By Munashe Gutu
The run up to the 2018 D.R.C elections saw most African enthusiasts yearning for a new change in the oil rich but ‘poor’ country. It is true the D.R.C is very vital when it comes to shaping the African politics to a certain extent .
Pan-Africanist philosopher Frantz Fanon once opined that “If Africa is shaped like a gun, Congo is the trigger”. This statement carries with it volumes of weight on the fact that, when analyzing African politics and governments, D.R.C should not be overlooked. Its significance is overwhelming. Events in the D.R.C determine most changes that are experienced in the continent, be it political, economic and social aspects.
It is in light of this that one would want to rewind back to the 1990’s in which Mr. Robert Mugabe, then was the president of Zimbabwe and S.A.D.C defence chair sacrificed a considerable number of armed forces to partake in the country’s Second Congo war of 1998. Angolan and Namibian troops also added weight. In order to cement the long-standing relationship between the two politically contentious countries, the current president of Zimbabwe, E.D Mnangagwa’s inauguration was attended by Mr. Kabila himself, then president of the D.R.C, signifying some sense of fraternity in terms of handling national politics.
The latter endorsed the election results and upheld the way Z.E.C executed their task. True to the notion that birds of the same feathers flock together. What comes to the mind is the 30 July election in Zimbabwe which was marred with electoral fraud allegations and a myriad of vote buying sprees that up to today, there is no consensus as to who really won those elections.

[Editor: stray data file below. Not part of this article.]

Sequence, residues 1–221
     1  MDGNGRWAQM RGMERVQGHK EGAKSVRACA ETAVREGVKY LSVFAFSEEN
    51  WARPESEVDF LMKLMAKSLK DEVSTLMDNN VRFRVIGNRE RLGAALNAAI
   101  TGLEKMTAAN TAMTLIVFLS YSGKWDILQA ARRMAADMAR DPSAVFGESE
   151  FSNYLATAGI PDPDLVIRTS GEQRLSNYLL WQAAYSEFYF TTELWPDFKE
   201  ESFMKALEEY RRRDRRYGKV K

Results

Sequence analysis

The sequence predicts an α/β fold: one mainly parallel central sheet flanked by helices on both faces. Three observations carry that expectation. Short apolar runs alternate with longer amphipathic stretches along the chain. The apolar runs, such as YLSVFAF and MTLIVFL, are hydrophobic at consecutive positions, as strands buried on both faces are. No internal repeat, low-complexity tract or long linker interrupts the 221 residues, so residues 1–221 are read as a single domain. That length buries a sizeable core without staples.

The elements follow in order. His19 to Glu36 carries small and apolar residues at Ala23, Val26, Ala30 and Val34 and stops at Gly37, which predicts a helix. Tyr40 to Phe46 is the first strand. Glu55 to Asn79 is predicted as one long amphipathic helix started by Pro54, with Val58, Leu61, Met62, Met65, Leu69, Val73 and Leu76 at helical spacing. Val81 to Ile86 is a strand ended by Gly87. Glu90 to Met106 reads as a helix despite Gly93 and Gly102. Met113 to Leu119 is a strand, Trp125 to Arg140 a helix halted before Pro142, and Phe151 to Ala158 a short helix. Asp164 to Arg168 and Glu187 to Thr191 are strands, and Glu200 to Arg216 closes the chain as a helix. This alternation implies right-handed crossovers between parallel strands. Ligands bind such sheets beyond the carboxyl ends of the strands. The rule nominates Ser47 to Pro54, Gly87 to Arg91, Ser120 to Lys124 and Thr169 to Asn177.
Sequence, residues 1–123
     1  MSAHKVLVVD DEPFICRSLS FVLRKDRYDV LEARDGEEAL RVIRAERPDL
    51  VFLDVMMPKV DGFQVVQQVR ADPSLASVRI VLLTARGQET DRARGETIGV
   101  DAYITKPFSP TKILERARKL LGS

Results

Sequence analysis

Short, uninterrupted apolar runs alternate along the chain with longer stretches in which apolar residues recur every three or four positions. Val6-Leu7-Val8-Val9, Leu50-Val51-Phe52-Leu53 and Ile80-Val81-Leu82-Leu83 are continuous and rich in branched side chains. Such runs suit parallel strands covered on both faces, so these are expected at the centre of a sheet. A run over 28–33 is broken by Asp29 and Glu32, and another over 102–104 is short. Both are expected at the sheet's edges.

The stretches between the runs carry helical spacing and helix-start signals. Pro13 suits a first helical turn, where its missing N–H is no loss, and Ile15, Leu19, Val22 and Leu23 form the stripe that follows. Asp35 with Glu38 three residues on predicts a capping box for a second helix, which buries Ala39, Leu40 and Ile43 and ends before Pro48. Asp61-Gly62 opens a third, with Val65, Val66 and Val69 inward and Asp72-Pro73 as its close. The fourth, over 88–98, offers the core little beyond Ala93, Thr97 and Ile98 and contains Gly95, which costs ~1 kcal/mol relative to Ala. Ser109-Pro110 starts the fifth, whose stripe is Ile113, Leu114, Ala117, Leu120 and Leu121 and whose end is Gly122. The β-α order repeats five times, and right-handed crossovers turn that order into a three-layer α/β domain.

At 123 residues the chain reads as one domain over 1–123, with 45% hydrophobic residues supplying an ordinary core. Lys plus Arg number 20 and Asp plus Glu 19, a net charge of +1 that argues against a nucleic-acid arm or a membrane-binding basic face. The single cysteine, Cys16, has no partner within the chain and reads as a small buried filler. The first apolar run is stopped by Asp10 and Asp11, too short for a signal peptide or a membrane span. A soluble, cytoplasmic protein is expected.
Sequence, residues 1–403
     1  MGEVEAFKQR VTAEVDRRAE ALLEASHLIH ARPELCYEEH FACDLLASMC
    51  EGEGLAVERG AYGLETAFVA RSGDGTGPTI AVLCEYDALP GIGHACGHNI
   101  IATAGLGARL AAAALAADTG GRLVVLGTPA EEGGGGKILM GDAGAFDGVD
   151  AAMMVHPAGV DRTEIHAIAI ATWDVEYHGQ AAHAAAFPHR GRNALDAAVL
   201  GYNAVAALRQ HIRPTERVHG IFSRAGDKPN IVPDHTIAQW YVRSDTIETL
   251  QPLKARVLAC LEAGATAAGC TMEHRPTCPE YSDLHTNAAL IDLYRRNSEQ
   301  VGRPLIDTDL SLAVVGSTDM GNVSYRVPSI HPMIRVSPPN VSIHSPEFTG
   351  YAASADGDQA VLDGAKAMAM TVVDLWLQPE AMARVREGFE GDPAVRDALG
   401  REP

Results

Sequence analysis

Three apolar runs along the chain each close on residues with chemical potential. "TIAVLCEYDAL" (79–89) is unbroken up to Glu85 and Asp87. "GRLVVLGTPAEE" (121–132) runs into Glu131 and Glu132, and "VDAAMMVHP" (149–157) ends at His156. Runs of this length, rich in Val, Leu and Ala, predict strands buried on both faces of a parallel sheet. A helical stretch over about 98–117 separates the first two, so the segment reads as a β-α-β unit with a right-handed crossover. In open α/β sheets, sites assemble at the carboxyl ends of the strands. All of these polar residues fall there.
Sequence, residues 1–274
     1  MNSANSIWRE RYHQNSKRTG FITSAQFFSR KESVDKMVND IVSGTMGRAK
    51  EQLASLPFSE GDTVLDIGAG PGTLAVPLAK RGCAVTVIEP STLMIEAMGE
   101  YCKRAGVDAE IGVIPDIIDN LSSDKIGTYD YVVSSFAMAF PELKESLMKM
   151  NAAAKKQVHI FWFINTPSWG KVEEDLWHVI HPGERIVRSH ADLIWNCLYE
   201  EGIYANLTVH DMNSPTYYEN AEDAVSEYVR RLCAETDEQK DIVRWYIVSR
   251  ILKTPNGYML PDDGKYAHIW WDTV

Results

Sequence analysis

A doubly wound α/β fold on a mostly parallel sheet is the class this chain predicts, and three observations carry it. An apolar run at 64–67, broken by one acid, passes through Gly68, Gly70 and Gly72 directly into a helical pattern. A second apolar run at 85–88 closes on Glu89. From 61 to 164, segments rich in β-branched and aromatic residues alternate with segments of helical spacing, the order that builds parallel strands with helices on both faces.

A defeated election petition by the opposition in the Constitutional court has seen a number of African nationalities believing that the dawn of a new era in Africa is nothing, but an elusive dream. However, with the twist of events in the D.R.C, a very powerful African state, one’s optimism would be revived as it signals a shift from autocracy to democracy.
It outrightly defies Mugabe’s 2008 idea that democracies in Africa are an impossible proposition. According to him, this was because the opposition wanted more than what it deserves. Just a few days ago ,the commission announced in the odd hours, as the African norm, that, Mr. Kabila’s preferred and imposed candidate Emmanuel Ramazani Shadary lost it out to opposition leader Felix Tshisekedi. The incumbent’s preferred successor even went on to come third after businessman Martin Fayulu, thanks to the determined electorate in the Central African country.
Mr. Tshisekedi becomes the first opposition challenger to claim victory since the country garnered independence from Belgium in 1960. This gesture solidifies that change is feasible in Africa. If it is true to Fanon that Congo is the trigger in the African politics and, if the trigger is not pulled, then brighter days are ahead.
As we wait for the losing candidates to contest the election results in the next 10 days, to which we believe the courts will impartially exercise their constitutional mandate, we can safely believe change is a possibility.
If the Nigerian elections are run with such diligence and average transparency without shifting goal posts, limited delays and a relatively calm atmosphere, it is yet to be confirmed if the dawn of a new era in Africa is really here.